Archivist Wasp: a novel

by Nicole Kornher-Stace

Paperback, 2015




Big Mouth House (2015), 256 pages


A postapocalyptic ghosthunter escapes her dire fate by joining the ghost of a supersoldier on his quest to the underworld.


½ (136 ratings; 3.8)

User reviews

LibraryThing member bluesalamanders
In a post-apocalyptic world, Wasp is the Archivist, whose responsibility is to capture and destroy ghosts. Then one day, one of the ghosts talks back.

I like stories that dump the reader in the middle of a new world and explain things in bits and pieces as the story progresses, which is exactly what
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happens here. The story starts in the middle of a duel and we learn slowly who Wasp is fighting and why, who Wasp even is, and what her role as Archivist means.

There is a grand sense of worldbuilding and time despite the short length of the novel, bold characters, and a plot that seems to be constantly twisting and changing as Wasp learns new things about her world, her companion, and herself.

A quick read but a satisfying one. Recommended.
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LibraryThing member tacocat
The title character in Archivist Wasp is a girl living in a harsh post-apocalyptic world, bound to a role of bloody ritual and ghost-hunting. Despite her duties to a trickster god and a cruel priest, she decides to take a terrible risk and join the ghost of an ancient super-soldier in a desperate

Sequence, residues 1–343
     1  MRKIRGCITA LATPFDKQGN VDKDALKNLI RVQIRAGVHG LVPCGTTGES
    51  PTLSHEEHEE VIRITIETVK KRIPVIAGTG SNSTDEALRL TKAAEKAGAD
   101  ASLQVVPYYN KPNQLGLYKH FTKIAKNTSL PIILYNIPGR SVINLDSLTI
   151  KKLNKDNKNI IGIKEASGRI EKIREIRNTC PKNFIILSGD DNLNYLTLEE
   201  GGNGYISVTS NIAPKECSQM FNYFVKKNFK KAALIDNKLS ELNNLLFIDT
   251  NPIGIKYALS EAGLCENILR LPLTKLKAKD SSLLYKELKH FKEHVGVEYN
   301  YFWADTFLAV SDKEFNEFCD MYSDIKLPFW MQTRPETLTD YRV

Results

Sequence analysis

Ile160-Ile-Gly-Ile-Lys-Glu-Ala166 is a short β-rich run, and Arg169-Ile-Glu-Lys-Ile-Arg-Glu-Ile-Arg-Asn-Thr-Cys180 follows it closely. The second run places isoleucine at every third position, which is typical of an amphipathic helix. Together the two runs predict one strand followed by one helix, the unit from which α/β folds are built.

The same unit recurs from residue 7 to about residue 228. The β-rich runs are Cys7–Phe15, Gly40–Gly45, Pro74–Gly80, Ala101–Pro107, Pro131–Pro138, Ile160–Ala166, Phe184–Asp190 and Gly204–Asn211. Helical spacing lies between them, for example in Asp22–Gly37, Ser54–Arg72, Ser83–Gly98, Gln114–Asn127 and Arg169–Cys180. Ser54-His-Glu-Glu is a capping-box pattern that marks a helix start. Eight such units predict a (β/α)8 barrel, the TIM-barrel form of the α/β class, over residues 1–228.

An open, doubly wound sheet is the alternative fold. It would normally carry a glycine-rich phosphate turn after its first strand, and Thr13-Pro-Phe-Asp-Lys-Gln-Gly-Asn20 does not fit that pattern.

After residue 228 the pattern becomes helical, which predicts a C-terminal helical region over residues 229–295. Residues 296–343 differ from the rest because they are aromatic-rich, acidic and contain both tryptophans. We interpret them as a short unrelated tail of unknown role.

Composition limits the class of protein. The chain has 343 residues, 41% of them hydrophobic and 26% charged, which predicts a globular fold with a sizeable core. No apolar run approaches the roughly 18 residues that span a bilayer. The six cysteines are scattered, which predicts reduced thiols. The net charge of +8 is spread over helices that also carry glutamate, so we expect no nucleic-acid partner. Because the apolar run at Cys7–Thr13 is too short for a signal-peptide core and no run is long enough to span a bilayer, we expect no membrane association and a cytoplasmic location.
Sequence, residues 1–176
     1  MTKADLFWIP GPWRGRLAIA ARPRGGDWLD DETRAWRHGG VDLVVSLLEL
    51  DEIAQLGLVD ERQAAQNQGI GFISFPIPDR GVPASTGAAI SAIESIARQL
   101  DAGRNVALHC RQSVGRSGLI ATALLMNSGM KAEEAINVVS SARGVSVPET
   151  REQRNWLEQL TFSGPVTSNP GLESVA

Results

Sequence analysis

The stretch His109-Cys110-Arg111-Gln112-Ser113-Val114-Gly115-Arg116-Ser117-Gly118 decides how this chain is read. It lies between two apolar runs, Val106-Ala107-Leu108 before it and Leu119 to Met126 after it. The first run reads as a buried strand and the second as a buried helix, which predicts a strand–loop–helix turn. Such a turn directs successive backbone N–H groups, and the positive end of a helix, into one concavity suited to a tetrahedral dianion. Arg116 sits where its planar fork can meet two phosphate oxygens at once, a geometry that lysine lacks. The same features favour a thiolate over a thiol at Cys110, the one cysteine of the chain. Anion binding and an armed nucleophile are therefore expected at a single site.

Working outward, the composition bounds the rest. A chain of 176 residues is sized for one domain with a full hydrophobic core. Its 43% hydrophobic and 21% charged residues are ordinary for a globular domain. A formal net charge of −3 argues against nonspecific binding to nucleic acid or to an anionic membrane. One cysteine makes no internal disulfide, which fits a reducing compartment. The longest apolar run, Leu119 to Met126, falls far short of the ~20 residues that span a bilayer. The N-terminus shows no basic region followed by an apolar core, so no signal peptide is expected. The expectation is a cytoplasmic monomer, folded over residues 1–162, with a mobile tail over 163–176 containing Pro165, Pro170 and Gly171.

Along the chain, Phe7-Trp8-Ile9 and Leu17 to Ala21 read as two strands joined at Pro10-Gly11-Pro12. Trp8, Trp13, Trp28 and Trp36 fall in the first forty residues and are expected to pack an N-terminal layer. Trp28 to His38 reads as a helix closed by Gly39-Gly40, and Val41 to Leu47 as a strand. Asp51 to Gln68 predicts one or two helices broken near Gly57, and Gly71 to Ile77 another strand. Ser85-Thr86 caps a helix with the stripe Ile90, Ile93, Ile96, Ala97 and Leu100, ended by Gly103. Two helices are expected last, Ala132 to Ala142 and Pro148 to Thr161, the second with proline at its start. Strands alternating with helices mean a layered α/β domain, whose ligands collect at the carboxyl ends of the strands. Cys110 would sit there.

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search through the land of the dead.

I really wanted to love this book. The setting and premise sounded fascinating, and as I began reading, I found Wasp to be a complex, engaging protagonist, and appreciated that the writing was vivid and fast-paced. But I was disappointed to realize that the majority of the story takes place in the ghost world. The texture and details of the “real” world hinted at a fascinating history and I looking forward to seeing more of it and learning why and how things got this way; so it was frustrating to wind up in the much less substantial ghost world, where it seemed like the author was undecided about how metaphorical or how actual the land of the dead would be.

However, the overall story was still interesting and did a good job of weaving together the ghost’s past life and Wasp’s current experiences. The characters developed nicely, albeit somewhat predictably, culminating in a satisfying (though maybe too tidy) ending.

So while I didn’t love this book, I did enjoy it. Wasp is a compelling character and her adventures provide plenty of excitement. I do wish the setting had been explored more fully, as the “rules” of the world(s) were often unclear, and I would’ve liked more time spent on the circumstances of Wasp’s society. I’d be interested to see if Kornher-Stace will write any other books in this setting.
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LibraryThing member stacypilot